There are many programs specifically aimed at helping people with low-income or bad credit and want to start a business. These programs are available because the data show that they work. The Aspen Institute Self-Employment Learning Project studied 405 low-income people who started their own business and found that 53% were able to use their business to get out of being low-income. These businesses also had better survival rates than the average business traced by the U. S. Small Business Administration (SBA). See http://www.microenterpriseworks.org/about/factsheets/factsheet1.pdf.
There are hundreds, and probably even thousands of national and local programs around the country to help low-income people become self-employed or start businesses. The list below represents a starting place to find the help you need. To locate additional sources, contact your local library or see our publication, "Free Money For Entrepreneurs" at www.lesko.com.
The program called Individual Development Accounts (IDA) gives low-income individuals who would otherwise not be able to save money the chance to save faster by the government matching $8 for every $1 you put into a saving program. The money can be used for housing, starting a business or education. Contact: Corporation for Enterprise Development, IDA Network, 777 North Capitol Street, NW, Suite 800, Washington, DC 20002, 202-408-9788, Fax: 202-408-9793, http://cfed.org/programs/idas/
Money is available for women entrepreneurs in under-served urban communities who do not qualify for credit with conventional lenders. Contact: Women's Venture Fund, Inc., 240 West 35 Street, Suite 501, New York, NY 10001, 212-563-0499, Fax: 212-868-9116, Email: firstname.lastname@example.org, http://www.wvf-ny.org/
There are special offices in every state that will help any kind of business. Make sure you touch base with these to see what kind of money and help may be available to you.
* Ohio Department of Development77 South High StreetColumbus, OH 43215-6140614-466-3379 or 800-848-1300Fax: 614-463-1540www.odod.state.oh.us Women's Business Resource Program: Assistance for start-up, expansion and management of businesses owned by women; assures equal access to state business assistance and lending programs; direction to purchase and procurement opportunities with government agencies; researches legislation that may impact businesses owned by women; and increases start-ups and successes of women-owned businesses. No charge.
* Ohio Small Business Development Center77 South High Street, 28th FloorColumbus, OH 43216-0101614-466-2711 or 800-848-1300Fax: 614-644-5167www.odod.state.oh.us/edd/osb/sbdc/Email: email@example.comThis office can provide information and expertise in dealing with state, federal, and local agencies. They also have information on financing programs and other services offered by the state government.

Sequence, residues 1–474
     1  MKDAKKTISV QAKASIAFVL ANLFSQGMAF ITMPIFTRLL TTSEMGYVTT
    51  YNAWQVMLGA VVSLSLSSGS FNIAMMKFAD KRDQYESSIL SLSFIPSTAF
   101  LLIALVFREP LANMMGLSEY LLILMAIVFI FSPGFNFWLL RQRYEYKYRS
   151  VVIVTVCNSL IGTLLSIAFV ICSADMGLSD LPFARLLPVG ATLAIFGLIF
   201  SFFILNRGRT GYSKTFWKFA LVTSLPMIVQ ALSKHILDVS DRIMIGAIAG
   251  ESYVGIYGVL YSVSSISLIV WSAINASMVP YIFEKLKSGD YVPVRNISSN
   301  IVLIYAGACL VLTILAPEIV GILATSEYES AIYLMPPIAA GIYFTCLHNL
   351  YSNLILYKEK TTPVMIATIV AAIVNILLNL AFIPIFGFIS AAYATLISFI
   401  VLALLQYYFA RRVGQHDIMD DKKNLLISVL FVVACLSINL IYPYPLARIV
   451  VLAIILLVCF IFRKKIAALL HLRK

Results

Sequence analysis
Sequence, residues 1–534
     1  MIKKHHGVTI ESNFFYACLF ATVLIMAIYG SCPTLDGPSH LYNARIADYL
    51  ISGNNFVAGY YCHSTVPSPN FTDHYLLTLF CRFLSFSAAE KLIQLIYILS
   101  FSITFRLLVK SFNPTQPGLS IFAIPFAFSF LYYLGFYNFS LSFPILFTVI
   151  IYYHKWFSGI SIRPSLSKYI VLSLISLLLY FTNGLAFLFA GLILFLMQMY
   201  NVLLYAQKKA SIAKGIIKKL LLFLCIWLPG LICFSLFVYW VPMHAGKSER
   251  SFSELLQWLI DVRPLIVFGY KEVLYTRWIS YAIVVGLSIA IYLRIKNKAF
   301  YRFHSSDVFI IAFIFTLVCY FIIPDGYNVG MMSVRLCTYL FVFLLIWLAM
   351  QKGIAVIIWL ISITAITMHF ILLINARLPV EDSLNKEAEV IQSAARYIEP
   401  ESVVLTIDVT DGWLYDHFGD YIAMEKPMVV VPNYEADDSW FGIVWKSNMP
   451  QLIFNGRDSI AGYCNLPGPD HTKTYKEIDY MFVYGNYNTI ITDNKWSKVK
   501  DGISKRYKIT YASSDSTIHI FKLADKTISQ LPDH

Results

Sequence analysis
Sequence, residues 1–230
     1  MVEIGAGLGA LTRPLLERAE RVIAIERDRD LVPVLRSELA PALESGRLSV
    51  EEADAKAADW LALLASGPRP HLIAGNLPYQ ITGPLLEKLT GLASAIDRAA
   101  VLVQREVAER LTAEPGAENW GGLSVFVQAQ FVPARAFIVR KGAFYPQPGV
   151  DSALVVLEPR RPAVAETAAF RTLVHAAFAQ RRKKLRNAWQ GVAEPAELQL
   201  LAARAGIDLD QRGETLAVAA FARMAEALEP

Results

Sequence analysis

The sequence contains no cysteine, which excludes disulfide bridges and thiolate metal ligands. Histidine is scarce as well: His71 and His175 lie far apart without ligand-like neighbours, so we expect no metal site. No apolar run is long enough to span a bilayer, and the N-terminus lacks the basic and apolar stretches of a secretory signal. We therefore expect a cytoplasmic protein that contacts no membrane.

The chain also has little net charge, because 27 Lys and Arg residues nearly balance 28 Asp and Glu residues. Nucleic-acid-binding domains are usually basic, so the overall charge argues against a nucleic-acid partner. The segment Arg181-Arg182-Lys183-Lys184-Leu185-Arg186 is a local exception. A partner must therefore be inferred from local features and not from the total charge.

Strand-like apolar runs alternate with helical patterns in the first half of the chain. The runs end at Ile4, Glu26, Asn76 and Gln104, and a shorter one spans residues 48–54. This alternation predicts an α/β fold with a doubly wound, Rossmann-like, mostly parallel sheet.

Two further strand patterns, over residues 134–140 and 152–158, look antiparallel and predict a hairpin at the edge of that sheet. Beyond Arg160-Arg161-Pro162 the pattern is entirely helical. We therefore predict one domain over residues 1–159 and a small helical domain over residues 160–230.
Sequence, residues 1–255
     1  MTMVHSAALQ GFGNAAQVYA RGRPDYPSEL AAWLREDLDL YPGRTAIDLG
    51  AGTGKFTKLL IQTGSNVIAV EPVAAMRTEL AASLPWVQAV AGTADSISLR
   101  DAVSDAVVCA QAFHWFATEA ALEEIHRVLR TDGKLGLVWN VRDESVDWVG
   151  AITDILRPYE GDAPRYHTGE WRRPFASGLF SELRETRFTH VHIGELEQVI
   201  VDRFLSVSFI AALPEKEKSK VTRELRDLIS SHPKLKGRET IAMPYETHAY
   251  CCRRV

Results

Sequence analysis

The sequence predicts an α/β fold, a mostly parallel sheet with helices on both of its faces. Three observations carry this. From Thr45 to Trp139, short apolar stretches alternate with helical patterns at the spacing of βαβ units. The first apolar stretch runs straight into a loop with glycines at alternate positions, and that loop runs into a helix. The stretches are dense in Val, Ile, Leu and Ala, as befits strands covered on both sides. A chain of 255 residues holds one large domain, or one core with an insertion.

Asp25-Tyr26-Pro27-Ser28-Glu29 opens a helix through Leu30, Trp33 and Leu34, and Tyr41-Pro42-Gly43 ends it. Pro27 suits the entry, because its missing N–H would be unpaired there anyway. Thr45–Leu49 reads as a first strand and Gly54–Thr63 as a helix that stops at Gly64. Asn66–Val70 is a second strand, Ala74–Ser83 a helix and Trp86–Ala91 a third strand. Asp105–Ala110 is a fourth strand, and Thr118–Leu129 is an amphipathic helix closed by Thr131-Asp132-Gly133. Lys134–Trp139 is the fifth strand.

Be sure to personally contact each of the sources presented above. See if you can talk to someone about your specific problem. The more you talk with people the more you will get from the program. People are human (sorry) and they will relate to you and want to help you if you let them. This can become a people business. The nicer you are to these people the nicer they will be to you. That's on average. There are always nasty people in the world no matter how nice you are to them. Keep remembering that these people have the power to help you and they get the same paycheck whether they help you or not. So give them a chance to help you.
Your objective is to get an application to fill out or to get another potential source from these people if they cannot help you directly. So if they can't help you, before you hang up you ask, "Do you know of any other officers or programs that might help?"
DON'T hire a grant writer if you have problems filling out any application for money. All you have to do is contact the office handing out the money. It is their job to help you with any problems you have. If, for some reason, they are not helpful, contact the local office of your U.S. Congressman and/or U.S. Senator and ask them where you might turn to for help. They should know non-profit organizations in you area that can help.
Wow. You are probably tired just from reading all this, and you haven't even started any of the real work yet. That's the problem with life nowadays. It's a lot bigger and complicated than it used to be. When I grew up in the 50s there used to be just one place to turn to for help, and that one person seemed to know it all. Now times have changed. No one person knows everything anymore. Life's become so complex. Even I, who has been studying money programs for over 25 years, and am likely to be the best one in the country at it, still don't feel like I know it all.
You can't trust a "no" answer anymore. No, just means that they don't know anything. It seems that success in this world goes to those who don't take no for an answer and find a way to solve the problem no matter what the experts say. The experts are wrong too many times to trust them completely.
It's fun to continue to learn new sources of help and new skills for finding money. I always believe that the sources you identify this time and don't use will be of value to you some time in the future, but you just don't know it yet.
I hope our sources give you some help. Hang in there, it's a big world and there are lots of sources waiting to help you, but they won't come looking for you, you have to go looking for them.
Matthew LeskoEntrepreneur and Best Selling AuthorInformation USA, Incwww.lesko.com